Long-time racist Dennis Mahon has failed in a bid to reverse his 2012 conviction for mailing a package bomb that exploded and injured a black city official and two others in Scottsdale, Ariz., in 2004.
Mahon’s appeal argument was this: The City of Scottsdale’s Office of Diversity and Dialogue wasn’t involved in interstate commerce and, therefore, the federal charges he faced were unconstitutional and invalid.
But in a ruling handed down late last month, the 9th Circuit U.S. Court of Appeals firmly rejected Mahon’s appeal, upholding his conviction that resulted in a 40-year prison sentence.
Mahon is being held at the Hazelton Federal Correctional Institute in Bruceton Mills, W.Va., Bureau of Prisons records show. His scheduled release date is 2044 when he would be 93-years-old.
In appealing Mahon’s conviction, his attorney argued that federal charges were invalid because there was no interstate component. But the federal appeal court said the target of the bombing, the Scottsdale Diversity Office, “was property used in commerce or in activity affecting interstate commerce.”
“Partnering with numerous corporate sponsors and local hotels, [the Diversity Office] planned, hosted and supported events that drew thousands of people to Scottsdale,” the appeals court ruling said.
The local government office worked with a national bureau to arrange for speakers who were paid thousands to come to the city and took payments from vendors to participate in these events, the appeals court ruling said. The office also “employed several forms of media and dedicated phone lines to publicize its events.”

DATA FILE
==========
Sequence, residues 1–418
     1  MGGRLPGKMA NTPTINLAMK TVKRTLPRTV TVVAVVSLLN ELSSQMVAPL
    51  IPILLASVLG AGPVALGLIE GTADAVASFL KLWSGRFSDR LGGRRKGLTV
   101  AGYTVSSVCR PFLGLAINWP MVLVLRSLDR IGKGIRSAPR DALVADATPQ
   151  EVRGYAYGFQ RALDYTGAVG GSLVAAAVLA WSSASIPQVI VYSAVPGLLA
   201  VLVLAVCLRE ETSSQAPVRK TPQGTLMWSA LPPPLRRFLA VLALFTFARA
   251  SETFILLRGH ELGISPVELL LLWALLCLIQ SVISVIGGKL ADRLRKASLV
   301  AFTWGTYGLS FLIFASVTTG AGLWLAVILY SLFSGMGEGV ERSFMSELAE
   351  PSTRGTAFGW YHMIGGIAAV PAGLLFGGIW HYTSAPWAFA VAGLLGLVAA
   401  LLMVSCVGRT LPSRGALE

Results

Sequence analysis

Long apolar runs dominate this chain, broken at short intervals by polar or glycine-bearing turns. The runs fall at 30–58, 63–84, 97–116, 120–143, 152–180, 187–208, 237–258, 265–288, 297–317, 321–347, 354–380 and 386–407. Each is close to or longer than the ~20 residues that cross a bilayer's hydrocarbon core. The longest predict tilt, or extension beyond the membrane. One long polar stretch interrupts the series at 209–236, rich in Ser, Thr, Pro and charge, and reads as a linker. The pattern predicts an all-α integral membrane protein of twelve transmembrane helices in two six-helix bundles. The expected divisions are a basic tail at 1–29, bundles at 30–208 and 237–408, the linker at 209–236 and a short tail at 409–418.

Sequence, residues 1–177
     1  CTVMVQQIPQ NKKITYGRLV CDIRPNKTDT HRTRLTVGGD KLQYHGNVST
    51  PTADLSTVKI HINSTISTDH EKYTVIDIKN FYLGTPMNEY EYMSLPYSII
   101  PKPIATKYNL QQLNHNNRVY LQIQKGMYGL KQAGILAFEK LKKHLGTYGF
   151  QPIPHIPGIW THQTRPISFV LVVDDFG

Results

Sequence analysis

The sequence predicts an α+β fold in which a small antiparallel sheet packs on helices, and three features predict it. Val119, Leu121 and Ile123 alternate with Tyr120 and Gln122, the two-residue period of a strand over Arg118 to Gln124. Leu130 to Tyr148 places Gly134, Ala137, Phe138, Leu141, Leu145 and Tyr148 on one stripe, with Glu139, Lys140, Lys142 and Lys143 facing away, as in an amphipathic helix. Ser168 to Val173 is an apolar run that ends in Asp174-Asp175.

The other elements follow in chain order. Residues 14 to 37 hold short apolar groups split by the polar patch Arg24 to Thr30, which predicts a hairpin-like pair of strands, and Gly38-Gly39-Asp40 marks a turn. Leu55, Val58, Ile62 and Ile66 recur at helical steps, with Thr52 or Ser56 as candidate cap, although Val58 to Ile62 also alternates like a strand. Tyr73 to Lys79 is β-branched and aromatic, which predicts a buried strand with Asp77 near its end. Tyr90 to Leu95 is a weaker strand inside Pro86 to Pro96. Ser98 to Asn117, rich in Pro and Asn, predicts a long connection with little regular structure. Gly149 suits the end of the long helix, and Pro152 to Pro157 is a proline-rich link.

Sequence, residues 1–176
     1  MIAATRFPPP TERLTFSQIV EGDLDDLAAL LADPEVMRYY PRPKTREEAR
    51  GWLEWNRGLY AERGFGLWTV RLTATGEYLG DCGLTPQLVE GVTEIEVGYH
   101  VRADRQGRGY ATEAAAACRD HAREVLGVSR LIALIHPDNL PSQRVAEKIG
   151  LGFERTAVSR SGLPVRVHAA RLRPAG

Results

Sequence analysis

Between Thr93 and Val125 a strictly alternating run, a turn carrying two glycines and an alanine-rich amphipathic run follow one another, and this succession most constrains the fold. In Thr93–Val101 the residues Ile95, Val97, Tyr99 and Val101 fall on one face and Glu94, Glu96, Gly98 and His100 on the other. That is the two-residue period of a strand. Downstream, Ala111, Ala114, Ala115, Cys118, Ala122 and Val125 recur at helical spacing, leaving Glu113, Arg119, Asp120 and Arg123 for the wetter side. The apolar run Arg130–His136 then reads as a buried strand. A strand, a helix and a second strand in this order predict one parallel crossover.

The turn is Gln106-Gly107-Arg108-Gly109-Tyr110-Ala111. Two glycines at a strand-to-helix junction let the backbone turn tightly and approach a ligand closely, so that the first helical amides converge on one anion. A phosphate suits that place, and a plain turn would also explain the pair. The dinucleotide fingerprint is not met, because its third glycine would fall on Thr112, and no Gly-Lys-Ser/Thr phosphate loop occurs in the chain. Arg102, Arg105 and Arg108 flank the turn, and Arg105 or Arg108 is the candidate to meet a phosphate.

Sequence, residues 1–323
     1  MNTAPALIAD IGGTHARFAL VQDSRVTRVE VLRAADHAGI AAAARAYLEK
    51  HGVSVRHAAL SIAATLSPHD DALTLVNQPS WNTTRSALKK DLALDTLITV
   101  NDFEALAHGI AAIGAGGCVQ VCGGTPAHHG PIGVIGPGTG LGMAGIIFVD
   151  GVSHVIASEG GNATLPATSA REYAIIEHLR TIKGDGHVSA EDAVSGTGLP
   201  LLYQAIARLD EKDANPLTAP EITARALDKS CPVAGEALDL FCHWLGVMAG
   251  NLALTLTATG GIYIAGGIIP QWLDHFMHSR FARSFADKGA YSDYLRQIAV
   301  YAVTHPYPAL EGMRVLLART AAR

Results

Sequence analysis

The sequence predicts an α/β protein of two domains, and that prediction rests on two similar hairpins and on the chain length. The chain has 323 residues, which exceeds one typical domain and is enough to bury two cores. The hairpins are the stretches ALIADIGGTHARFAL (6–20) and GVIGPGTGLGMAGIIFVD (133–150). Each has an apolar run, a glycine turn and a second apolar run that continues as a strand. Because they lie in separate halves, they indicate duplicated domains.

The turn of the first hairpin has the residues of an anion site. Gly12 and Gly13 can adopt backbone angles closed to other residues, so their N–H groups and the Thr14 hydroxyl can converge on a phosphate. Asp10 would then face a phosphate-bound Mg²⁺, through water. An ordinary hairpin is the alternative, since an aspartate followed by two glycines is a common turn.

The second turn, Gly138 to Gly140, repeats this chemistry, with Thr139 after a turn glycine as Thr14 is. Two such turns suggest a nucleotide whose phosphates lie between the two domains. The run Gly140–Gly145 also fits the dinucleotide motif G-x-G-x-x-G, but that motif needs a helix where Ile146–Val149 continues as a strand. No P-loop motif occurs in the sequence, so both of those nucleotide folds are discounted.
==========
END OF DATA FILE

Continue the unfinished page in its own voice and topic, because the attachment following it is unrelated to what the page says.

Dennis Mahon and his twin brother Daniel, who had ties to the neo-Nazi group White Aryan Resistance (WAR) and its founder, Thomas Metzger, were arrested in 2009 after a five-year undercover investigation involving a female informant who put a Confederate flag in trailer park home and befriended the Mahons.
In an attempt to cement her friendship, the informant also gave two sexually provocative pictures to the Mahons, trial testimony revealed. In one picture, the federal informant wore a white bikini top with a grenade hanging between her breasts as she posed in front of a Nazi swastika.
As the friendship flourished, the woman’s conversations with the Mahons were secretly recorded, providing Bureau of Alcohol, Tobacco, Firearms and Explosives agents with leads to unsolved bombings, court records disclose.
Dennis Mahon showed the woman how to make bombs and bragged about bombing a Jewish community center, an abortion clinic, an Internal Revenue Service building and an immigration facility, court documents alleged. He also talked to the informant about the Scottsdale bombing, claiming he didn’t do it but that he assisted white police officers who did.
Federal prosecutors, however, produced evidence showing Dennis Mahon placed a call to the diversity office before the bombing, claiming that the White Aryan Resistance movement was growing in Scottsdale. “There’s a few white people who are standing up,” he said.
Daniel Mahon, who shared his twin brother’s white supremacy beliefs, was acquitted of the only charge he faced -- conspiracy to damage buildings and property by means of explosives.